It’s been way too long since I blogged, almost 4 months – I know… that’s just terrible! I did try though 😉
As you all know, I started my business “Shamim’s Pantry” earlier this year and it has taken off to a good start! I make my ghee from local grass-fed butter from a farm here in the Midwest. And because Continue reading →
Again… it has been a tad bit too long since I wrote to you last. As I mentioned in my previous post I was working on “Project Ghee”, well I don’t think I called it that exactly … but it sure does sound good right now 🙂
Anyway, let me tell you what I’ve been up too. I’ve been preoccupied with ‘GHEE’, now I’m sure you shaking your head and thinking, “Really Shamim, like you had to tell us that!” (sarcasm intended) Well, of course it’s ghee. Ghee all the way baby!
“Nah! It’s not really cold yet!” I’ve been repeating this to myself every day. Well… the weather hasn’t dipped that low yet. Come on, don’t frown – it’s Minnesota for goodness sake! If I complain of the cold, I might as well pack my bags and leave.
Walking to the bus stop yesterday morning was bitterly cold. I felts little streams of tears running down my face and no, I was not crying, my eyes were watering from the bitter wind blowing into them. Continue reading →
Thanksgiving is a holiday we absolutely adore! It’s my son’s favorite! We have for several years now celebrated it in our home with the whole shebang. I brine the turkey for a couple of days and then dry rub it with loads of spices just before shoving it into the oven for several hours. As it leaves it’s warm cocoon, the golden bird is greeted with all the glory of a coronation, with many eyes feasting on its magnificence. Continue reading →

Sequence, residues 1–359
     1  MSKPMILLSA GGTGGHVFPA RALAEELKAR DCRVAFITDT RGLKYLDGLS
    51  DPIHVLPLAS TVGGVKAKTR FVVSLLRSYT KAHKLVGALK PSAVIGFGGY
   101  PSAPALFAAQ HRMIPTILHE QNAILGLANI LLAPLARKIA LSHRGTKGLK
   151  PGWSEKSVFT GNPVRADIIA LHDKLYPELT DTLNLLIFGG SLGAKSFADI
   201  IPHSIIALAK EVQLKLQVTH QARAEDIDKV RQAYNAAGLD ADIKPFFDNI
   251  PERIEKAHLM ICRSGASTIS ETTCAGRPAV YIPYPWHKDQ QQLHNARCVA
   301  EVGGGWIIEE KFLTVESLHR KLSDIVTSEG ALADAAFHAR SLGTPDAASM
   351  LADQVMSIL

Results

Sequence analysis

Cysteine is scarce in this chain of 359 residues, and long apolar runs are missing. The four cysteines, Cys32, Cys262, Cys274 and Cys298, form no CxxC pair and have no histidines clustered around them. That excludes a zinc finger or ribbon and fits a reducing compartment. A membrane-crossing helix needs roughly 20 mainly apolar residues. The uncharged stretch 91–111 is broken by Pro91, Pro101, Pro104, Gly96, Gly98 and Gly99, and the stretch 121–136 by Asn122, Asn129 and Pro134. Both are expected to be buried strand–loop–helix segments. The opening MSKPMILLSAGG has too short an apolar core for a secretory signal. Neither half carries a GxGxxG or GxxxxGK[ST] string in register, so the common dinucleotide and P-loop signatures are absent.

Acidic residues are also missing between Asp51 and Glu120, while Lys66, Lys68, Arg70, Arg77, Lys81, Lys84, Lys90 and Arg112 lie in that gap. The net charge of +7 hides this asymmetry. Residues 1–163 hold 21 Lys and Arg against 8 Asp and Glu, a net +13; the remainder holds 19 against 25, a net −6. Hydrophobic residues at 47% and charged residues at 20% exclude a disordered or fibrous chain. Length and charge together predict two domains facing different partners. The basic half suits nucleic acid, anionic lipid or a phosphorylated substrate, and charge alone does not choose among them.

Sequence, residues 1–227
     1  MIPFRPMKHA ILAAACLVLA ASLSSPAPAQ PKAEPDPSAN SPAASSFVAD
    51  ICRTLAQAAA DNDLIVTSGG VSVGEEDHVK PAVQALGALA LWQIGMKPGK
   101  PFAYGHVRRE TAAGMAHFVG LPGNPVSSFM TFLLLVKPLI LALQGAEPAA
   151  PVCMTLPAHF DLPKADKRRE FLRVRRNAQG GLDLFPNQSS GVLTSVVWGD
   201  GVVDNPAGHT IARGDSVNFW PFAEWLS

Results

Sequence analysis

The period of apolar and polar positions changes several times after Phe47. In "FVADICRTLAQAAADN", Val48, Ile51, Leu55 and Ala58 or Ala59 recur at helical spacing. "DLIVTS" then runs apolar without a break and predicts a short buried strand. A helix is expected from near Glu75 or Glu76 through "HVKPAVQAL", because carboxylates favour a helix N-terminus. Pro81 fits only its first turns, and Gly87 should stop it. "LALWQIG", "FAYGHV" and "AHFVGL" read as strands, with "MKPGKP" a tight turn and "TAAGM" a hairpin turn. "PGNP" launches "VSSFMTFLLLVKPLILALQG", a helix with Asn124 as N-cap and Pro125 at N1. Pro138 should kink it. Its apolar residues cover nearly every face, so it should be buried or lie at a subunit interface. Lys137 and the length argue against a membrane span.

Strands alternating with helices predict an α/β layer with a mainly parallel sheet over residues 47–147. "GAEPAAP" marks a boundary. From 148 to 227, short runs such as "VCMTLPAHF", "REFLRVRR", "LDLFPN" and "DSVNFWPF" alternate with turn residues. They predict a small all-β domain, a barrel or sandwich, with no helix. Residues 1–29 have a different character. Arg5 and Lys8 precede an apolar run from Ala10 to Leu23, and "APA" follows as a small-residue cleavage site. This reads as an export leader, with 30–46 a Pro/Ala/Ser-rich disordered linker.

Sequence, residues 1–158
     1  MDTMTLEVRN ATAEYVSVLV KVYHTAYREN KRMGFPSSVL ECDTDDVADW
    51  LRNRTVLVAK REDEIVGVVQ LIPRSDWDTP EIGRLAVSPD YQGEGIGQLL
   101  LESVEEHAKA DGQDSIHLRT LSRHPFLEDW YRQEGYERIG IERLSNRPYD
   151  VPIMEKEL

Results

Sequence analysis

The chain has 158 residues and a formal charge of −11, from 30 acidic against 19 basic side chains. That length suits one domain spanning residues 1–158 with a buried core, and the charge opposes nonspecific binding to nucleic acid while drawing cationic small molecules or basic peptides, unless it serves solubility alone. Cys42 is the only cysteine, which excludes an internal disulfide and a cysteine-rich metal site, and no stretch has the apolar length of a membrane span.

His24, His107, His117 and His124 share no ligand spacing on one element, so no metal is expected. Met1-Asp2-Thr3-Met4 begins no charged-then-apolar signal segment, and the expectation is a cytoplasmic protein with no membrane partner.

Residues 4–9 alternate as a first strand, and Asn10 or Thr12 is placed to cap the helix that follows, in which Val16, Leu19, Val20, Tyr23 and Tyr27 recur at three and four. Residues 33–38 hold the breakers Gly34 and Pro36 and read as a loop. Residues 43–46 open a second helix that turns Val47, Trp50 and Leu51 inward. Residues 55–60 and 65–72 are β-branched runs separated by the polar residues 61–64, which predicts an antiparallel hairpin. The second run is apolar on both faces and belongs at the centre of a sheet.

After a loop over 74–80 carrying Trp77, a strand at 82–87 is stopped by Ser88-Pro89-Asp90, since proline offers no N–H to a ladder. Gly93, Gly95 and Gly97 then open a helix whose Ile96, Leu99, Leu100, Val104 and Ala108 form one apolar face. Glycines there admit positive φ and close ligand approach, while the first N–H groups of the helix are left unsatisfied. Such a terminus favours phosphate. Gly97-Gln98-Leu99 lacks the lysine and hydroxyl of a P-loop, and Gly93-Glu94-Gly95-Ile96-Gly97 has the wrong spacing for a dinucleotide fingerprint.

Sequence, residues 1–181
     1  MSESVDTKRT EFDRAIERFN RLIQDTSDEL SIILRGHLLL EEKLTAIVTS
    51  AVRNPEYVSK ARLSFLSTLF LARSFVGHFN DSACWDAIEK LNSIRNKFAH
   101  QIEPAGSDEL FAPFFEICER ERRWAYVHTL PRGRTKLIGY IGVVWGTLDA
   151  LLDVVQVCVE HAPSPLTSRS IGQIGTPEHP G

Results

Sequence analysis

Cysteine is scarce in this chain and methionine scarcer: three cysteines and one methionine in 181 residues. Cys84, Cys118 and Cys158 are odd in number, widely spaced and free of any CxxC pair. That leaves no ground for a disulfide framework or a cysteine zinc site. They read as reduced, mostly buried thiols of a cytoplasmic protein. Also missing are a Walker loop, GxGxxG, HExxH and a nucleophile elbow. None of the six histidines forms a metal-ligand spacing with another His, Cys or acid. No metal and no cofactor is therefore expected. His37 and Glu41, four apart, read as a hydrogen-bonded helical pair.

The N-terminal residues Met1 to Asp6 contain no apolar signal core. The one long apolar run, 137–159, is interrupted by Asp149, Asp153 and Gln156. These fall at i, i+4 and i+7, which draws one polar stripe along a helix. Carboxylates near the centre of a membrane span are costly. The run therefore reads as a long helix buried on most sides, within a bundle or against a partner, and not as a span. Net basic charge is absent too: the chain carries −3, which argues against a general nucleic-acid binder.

Cumin, can be added to many curries as a seed or ground into a powder. In fact, one of the popular spices in most curries IS cumin, believe it or not.
Cumin seeds are slightly crescent shaped with ridges appearing lengthwise around them. Don’t let the seeds fool you, they may look dry and dusty but the magic is all inside. In seed form they taste earthy with pungent undertones.
Cumin seeds are used either at the initial stage of cooking a curry or they are popped in hot oil and sprinkled at the end as a garnish. The hot oil enhances the deep and nutty aroma of the spice. The flavor of the cumin really kicks in when it is cooked.
The most dramatic of techniques, to intensify its flavor, would be to fry it in a little oil or ghee, at a really high temperature until it starts popping. Becareful not to burn them at this stage. If you do, it is best to throw it out and restart with some fresh oil. Continue reading →